Yet many are quick to claim anti-Semitism whenever something negative happens to Jews. When Lord Levy, a strong supporter of Tony Blair, was arrested three times for fraud, Rabbi Yitzchak Schochet suggested that Levy was arrested due to anti-Semitism, even though Levy made it clear that anti-Semitism played no part in his arrests! When T. S. Eliot depicted Jews in a controversial way in some of his poetry, he was denounced by many as an anti-Semite.
Yet before publication, Eliot sent many of his poems to Jewish friends such as Sidney Schiff for their input; none of them considered his work as displaying an anti-Semitic spirit. On the contrary,
“In 2003, Professor Ronald Schuchard of Emory University published details of a previously unknown cache of letters from Eliot to Horace Kallen, which reveal that in the early 1940s Eliot was actively helping Jewish refugees from Germany and Austria to re-settle in Britain and America. In letters written after the war, Eliot also voiced support for the state of Israel.”
But for noted Jewish literary critic Harold Bloom, that is not proof enough. Bloom, who should know better, goes so far as to say that Eliot’s poetry is a “polite hatred of the Jewish people.”
Bloom needs to get real. If he believes Eliot was a polite anti-Semite, he might want to give Portnoy’s Complaint by Philip Roth a second look. In the book, Roth laments “the longing in all us swarthy Jewboys for those bland blond exotics called shikses.” Shikse (or shiksa) is generally used as a pejorative term for a non-Jewish woman, especially a sexually attractive one.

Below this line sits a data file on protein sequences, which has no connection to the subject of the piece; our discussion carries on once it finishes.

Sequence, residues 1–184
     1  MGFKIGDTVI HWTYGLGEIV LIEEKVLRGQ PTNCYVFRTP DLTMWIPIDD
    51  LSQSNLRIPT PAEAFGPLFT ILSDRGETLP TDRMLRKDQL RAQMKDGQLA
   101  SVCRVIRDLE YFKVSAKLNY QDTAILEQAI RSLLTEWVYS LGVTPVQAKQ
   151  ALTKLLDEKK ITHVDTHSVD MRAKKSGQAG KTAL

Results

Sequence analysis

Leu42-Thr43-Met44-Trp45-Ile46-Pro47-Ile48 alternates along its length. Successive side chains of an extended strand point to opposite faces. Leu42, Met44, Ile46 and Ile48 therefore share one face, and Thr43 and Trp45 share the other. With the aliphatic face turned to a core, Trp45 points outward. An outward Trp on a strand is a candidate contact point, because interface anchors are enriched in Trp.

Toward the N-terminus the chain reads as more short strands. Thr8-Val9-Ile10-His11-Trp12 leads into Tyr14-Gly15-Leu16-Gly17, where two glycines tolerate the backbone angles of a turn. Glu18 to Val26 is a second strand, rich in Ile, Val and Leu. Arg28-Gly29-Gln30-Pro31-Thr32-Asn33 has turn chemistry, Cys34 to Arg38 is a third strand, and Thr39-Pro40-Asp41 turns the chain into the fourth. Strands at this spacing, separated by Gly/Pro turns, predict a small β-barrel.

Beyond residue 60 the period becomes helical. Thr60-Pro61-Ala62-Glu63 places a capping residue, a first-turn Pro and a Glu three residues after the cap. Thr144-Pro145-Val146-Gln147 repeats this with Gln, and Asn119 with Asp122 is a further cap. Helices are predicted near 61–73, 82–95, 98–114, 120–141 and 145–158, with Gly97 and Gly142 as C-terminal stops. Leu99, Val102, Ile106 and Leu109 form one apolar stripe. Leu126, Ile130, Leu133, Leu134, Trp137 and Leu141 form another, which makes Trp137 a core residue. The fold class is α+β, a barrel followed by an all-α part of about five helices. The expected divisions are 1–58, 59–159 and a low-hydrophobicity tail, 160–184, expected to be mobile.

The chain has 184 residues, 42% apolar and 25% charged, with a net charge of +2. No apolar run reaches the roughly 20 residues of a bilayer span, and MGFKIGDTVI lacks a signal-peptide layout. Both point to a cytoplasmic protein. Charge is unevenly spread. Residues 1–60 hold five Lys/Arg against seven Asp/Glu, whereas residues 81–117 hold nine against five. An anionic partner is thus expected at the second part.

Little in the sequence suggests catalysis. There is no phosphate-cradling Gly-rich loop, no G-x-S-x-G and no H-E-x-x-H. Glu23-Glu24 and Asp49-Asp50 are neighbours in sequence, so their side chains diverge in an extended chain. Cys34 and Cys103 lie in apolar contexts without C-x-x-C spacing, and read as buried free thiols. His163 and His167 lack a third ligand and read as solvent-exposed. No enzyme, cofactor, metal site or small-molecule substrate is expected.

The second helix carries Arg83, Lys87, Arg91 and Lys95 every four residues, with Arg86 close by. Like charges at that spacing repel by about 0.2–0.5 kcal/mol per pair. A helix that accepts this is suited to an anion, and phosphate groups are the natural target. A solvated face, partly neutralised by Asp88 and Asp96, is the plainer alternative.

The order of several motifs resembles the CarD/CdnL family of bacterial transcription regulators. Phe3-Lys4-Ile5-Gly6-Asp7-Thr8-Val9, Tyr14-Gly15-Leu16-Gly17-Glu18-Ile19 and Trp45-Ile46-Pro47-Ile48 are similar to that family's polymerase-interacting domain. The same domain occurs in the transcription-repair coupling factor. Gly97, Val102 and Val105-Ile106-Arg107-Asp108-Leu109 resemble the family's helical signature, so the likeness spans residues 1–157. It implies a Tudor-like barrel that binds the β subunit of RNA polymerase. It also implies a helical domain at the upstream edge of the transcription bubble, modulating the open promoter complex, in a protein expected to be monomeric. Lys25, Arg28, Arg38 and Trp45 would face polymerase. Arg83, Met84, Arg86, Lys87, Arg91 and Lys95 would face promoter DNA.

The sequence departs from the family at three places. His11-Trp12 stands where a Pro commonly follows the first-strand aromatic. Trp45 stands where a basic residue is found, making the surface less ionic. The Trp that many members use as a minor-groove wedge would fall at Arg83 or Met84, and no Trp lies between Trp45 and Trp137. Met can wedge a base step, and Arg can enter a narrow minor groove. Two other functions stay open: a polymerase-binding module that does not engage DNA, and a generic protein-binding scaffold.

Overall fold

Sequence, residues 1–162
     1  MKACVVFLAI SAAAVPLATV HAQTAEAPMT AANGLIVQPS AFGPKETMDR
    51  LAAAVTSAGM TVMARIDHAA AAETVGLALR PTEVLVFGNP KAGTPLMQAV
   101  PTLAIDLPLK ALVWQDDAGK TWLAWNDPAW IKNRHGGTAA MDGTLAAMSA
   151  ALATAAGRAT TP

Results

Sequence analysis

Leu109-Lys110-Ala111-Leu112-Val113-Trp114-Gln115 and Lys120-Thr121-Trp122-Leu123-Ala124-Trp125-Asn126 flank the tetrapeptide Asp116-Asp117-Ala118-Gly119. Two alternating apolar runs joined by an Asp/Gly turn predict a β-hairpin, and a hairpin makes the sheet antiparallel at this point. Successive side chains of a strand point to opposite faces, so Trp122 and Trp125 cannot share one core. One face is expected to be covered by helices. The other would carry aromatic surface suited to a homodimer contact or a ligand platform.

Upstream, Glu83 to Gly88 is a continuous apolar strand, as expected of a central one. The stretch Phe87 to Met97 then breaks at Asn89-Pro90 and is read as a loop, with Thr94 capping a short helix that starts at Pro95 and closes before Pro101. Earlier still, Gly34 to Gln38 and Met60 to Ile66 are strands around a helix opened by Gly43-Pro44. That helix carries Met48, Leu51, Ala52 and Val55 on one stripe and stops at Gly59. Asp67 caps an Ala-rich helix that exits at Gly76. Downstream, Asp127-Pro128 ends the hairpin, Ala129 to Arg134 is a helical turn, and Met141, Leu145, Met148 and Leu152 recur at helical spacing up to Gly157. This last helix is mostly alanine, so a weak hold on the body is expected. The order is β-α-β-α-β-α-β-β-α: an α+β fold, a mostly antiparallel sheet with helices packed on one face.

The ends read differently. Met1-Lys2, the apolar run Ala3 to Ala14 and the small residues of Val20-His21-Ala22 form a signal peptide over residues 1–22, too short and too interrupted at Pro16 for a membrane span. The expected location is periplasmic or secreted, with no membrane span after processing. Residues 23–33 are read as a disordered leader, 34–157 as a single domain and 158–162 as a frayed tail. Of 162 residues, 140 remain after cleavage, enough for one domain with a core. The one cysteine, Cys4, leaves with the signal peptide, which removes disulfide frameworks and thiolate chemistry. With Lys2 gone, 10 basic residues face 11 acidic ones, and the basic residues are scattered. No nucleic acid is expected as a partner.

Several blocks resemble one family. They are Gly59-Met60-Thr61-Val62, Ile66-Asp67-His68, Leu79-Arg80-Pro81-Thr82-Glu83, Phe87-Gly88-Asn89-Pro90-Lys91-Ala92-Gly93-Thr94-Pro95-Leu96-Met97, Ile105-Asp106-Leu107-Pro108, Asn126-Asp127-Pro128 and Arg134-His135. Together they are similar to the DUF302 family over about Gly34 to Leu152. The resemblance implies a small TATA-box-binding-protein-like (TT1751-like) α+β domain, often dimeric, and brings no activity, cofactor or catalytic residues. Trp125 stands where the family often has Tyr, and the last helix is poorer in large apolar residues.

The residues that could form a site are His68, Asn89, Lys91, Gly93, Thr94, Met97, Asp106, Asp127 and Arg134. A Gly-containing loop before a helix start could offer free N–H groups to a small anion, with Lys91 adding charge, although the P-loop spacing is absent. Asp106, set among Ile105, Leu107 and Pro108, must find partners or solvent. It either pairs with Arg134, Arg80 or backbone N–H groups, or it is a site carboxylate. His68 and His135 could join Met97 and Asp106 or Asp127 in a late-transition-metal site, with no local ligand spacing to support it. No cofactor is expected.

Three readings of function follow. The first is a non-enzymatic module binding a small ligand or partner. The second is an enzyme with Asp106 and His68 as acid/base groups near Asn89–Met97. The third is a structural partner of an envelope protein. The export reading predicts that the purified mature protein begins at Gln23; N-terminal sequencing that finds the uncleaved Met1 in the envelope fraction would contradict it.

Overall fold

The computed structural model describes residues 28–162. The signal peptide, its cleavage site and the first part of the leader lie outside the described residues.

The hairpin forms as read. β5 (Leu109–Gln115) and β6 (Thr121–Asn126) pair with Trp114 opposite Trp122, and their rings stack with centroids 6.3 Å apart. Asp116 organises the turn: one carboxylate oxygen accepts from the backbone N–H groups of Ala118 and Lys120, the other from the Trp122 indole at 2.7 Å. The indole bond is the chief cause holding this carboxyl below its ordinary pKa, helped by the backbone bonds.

Portnoy’s Complaint goes on to talk about how a Jewish savior would come “to save the stupid shikse; to rid her of her race’s ignorance; to make this daughter of the heartless oppressor a student of suffering and oppression; to teach her to be compassionate, to bleed a little for the world’s sorrows.”
Once his shikse is free from all sexual and religious constraints, Portnoy and his girlfriend make “the perfect couple: she puts the id back in Yid; I put the oy back in goy.” Shouldn’t Roth then be labeled “anti-Goyim”? Why doesn’t Boom provide a serious critique of Roth’s description of the shikse?
It is high time that all of us started getting real in order to deal with serious issues. To call neutral observation or serious criticism “racist” or “anti-Semitic” without an evidential foundation will not do. A statement or criticism has to be dismissed by reason and logic. But for people like Bloom, this is hard to do because they have metaphysically and categorically rejected Logos, which provides the basis for rational discourse.
Many Jews in the twentieth century have begun to see how some fellow Jews use charges of anti-Semitism and other deceptive tools as weapons. Chaim Bermant (British journalist, economist, and satirist; Orthodox Jew and supporter of Israel) gave an example:
“There is the story of the Jew on a train who kept moaning: ‘Oy, have I got a pain…Oy, have I got a pain…Oy, have I got a pain…Oy…’ Finally one of the passengers, who could stand it no longer, jumped to his feet, searched the length and breadth of the train and came back with a doctor, who gave the Jew a pill, and all was quiet for a minute or two till the voice began again: ‘Oy, did I have a pain…Oy, did…’”
Bermant commented, “It is perhaps time for an end to oying. A sense of guilt does not make for a healthy relationship between ex-persecutor and ex-victim.”
Perhaps people like Bloom should pay attention to Bermant. Perhaps Western leaders and politicians should stop lay games. And perhaps Theresa May should get real. Nicholas Kollerstrom has written an excellent to May, and we should all thank him for his courageous undertaking.
Dear Theresa May,
Kindly allow me to comment upon the erroneous definition of anti-Semitism which you are now imposing upon the British people:
“Antisemitism is a certain perception of Jews, which may be expressed as hatred toward Jews. Rhetorical and physical manifestations of antisemitism are directed toward Jewish or non-Jewish individuals and/or their property, toward Jewish community institutions and religious facilities.”